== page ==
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EBV-associated classical Hodgkin lymphoma

Monday 9 February 2015

EBV-related CHL

There is strong evidence supporting an association of Classical Hodgkin lymphoma (CHL) with EBV. There is strong evidence between an altered EBV humoral immune response and development of CHL.

In epidemiologic studies the overall prevalence of EBV in CHL in immune competent individuals is approximately 50% (40-70%) with higher incidence in African and South American countries and lower incidence in some European countries. In HIV infected individuals EBV associated HL can be greater than 80%. EBV association is also more prevalent in children than adults and shows little effect on survival.

Localization

- Extranodal hean and neck EBV+ CHL

  • Extranodal CHL is uncommon with most CHL occurring in lymph node or contiguous to lymph node.
  • HL in the head and neck is uncommon comprising 1-4% of all lymphomas in this location.
  • In the head and neck, Waldeyer ring is the most common site of CHL involvement. EBV has been reported in as high as 67% of HL of Waldeyer ring, possibly owing to the fact that this location is a reservoir for EBV.
  • There was no consensus as to the most prevalent subtype occurring in Waldeyer ring between studies.
  • Interestingly, lymphocyte rich classical HL, a relatively rare subtype overall in HL, has been reported as the most prevalent type of Waldeyer ring CHL in one study.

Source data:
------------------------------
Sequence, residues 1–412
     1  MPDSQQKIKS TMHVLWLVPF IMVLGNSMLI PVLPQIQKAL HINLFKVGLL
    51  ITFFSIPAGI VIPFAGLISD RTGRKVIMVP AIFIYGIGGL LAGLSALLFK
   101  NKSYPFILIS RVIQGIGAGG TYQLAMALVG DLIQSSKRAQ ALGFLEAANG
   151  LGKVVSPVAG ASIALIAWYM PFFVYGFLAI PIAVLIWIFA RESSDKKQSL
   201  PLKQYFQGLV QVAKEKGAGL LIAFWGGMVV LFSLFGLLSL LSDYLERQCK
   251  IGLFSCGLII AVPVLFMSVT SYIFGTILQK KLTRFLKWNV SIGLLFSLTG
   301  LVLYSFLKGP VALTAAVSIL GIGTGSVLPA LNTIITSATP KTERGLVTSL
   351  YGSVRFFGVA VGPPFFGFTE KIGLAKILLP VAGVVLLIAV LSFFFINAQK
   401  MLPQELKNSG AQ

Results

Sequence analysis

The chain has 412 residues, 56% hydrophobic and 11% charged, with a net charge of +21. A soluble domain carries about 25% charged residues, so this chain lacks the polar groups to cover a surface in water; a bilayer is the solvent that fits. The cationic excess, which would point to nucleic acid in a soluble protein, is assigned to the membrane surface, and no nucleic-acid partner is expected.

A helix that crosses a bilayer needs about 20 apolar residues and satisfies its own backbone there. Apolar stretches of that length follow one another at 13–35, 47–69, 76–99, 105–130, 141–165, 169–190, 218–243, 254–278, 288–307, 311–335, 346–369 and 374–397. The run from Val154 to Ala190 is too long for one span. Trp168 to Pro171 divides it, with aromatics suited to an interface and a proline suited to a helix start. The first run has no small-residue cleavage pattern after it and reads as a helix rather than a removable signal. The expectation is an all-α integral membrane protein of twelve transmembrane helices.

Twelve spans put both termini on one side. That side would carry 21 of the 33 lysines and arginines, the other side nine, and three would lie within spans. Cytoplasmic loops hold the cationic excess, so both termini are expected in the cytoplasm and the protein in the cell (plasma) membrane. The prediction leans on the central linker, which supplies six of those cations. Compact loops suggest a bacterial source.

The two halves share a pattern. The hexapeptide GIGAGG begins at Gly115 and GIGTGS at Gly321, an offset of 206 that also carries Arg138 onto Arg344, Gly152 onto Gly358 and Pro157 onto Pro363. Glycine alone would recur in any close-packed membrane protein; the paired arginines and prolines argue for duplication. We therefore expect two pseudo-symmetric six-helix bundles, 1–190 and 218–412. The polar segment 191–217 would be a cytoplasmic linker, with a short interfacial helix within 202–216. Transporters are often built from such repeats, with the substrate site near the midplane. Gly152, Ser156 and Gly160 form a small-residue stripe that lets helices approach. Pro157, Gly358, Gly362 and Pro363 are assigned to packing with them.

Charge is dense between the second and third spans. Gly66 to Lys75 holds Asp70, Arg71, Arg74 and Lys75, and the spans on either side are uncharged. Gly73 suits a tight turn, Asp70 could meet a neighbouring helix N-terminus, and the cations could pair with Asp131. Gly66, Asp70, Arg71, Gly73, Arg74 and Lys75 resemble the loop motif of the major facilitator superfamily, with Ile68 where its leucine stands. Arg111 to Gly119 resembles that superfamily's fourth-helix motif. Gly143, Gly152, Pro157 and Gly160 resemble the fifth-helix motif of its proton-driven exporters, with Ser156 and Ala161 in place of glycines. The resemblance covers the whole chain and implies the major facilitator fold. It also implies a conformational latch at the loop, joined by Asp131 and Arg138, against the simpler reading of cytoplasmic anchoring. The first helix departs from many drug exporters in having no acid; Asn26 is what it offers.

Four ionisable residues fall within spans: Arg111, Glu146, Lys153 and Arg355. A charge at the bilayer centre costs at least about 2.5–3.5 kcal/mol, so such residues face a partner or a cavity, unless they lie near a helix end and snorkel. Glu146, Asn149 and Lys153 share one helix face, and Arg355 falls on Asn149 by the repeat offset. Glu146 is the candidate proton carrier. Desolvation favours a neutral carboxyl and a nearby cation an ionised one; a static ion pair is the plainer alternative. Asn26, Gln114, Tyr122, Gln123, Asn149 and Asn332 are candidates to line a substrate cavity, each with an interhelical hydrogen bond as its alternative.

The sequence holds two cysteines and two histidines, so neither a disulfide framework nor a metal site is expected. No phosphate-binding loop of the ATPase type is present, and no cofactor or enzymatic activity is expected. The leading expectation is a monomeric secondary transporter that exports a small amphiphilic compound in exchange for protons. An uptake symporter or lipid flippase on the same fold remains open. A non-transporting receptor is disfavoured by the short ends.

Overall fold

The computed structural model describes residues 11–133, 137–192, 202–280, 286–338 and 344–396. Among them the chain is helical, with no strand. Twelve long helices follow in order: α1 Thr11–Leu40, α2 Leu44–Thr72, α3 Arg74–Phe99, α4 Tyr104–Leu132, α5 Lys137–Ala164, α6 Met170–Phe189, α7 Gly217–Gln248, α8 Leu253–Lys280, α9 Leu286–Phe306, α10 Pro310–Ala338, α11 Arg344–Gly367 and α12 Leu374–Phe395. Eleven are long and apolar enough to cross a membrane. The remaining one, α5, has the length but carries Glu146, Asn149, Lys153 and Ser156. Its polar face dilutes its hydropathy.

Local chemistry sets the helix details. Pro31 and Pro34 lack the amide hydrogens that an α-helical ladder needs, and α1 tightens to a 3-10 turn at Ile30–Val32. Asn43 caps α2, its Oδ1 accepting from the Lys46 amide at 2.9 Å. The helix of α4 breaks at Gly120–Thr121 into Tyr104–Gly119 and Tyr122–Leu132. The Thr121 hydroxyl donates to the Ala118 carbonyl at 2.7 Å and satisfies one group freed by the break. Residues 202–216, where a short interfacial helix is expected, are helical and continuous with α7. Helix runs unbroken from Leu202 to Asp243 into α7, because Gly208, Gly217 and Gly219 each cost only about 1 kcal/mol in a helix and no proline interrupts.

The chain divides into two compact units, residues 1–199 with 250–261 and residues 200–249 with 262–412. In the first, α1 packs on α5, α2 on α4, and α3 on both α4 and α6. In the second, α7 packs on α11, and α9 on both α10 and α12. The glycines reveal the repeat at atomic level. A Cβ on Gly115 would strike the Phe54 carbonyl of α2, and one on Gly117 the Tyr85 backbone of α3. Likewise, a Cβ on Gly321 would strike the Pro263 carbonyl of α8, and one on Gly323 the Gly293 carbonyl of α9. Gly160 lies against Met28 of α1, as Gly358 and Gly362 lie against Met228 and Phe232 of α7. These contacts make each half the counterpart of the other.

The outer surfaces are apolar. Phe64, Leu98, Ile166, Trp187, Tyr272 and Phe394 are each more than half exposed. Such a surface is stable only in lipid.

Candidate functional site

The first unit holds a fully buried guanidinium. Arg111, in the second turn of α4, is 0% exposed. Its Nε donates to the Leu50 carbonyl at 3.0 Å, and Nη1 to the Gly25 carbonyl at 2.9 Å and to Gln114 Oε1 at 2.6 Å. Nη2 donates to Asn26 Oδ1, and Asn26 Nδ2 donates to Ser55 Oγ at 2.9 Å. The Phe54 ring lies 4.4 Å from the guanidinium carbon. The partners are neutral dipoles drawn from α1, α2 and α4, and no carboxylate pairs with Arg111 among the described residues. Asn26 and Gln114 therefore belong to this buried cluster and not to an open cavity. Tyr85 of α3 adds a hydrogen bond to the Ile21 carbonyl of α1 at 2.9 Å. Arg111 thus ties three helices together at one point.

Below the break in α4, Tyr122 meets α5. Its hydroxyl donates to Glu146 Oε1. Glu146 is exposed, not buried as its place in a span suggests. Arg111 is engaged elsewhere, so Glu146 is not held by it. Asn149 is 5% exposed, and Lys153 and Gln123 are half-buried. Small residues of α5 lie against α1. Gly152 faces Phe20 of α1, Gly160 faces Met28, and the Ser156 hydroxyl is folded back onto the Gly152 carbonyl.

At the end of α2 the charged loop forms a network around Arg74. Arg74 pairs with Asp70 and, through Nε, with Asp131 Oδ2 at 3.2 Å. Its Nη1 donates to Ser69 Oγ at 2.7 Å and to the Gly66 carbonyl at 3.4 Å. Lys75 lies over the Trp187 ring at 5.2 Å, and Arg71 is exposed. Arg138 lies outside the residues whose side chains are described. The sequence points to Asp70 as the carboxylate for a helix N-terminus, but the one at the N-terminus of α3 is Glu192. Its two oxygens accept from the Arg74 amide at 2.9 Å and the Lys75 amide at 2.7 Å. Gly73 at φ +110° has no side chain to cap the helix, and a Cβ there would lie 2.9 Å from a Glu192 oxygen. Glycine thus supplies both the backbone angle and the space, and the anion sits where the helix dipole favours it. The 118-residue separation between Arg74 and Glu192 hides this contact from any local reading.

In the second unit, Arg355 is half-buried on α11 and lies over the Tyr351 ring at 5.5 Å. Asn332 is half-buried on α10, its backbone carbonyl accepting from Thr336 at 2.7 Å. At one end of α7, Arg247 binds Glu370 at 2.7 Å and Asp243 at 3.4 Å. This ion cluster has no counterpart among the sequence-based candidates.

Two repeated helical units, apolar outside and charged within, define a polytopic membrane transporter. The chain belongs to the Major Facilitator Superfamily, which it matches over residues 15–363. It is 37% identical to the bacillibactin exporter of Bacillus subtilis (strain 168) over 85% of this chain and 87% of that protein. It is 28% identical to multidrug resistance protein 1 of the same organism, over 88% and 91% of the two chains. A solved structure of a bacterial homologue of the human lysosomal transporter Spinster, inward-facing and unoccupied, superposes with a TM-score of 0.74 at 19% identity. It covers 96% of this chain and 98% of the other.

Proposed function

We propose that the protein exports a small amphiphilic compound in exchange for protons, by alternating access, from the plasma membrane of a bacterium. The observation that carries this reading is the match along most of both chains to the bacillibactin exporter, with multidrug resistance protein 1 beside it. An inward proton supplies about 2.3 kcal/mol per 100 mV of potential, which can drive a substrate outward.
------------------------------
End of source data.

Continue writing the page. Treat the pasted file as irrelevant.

• CHL occurs outside Waldeyer ring with rare case reports in other location in the head and neck.
  • The morphology and immunophenotype of CHL is similar to that in the lymph node. All subtypes including mixed cellularity, nodular sclerosis, lymphocyte rich and lymphocyte depletion are described in the head and neck.

Microscopy

Morphologically, the cases are classified and subtyped by the 2008 WHO classification. These lymphomas show effacement of the normal architecture with a mixture of inflammatory cells in the background including histiocytes, eosinophils, plasma cells and small lymphocytes.

The malignant cells are in the minority and are large often multinucleated with prominent nucleoli and often abundant cytoplasm.

Differential diagnosis

The histology can be very similar to that of infectious mononucleosis, with extensive infiltrate in the interfollicular area with numerous epithelioid histiocytes; and atypical large cells with mummified cells are small lymphocytes; classic Reed-Sternberg cells.

Hodgkin-like transformation of a small B cell lymphoma such as small lymphocytic lymphoma/chronic lymphocytic leukemia, which may be EBV associated, may occur. In this setting, the clinical history is important.

Some treatment-related lymphoproliferative disorders may also resemble Hodgkin lymphoma, such as methotrexate-related EBV-associated lymphoproliferative disorders, which are similar to post transplant lymphoproliferative disorders (PTLD), and must be excluded if a diagnosis of CHL is entertained.

Immunohistochemistry

By immunohistochemistry, the large malignant cells are immunoreactive with CD30 and CD15 but negative for CD45. PAX5 is positive the majority of cases.

When associated with EBV, EBER is positive with a variable number of cases showing LMP-1 staining.

CD20 and CD3 should be negative in the malignant cells.

If CD20 is positive in many of the cells, B cell lymphoma unclassified with features intermediate between DLBCL and classical Hodgkin lymphoma should be considered.

The small lymphocytes in the background are T cells and stain with pan T cell antigens.

References

- http://www.semdiagpath.com/article/S0740-2570(14)00108-7/fulltext#s0035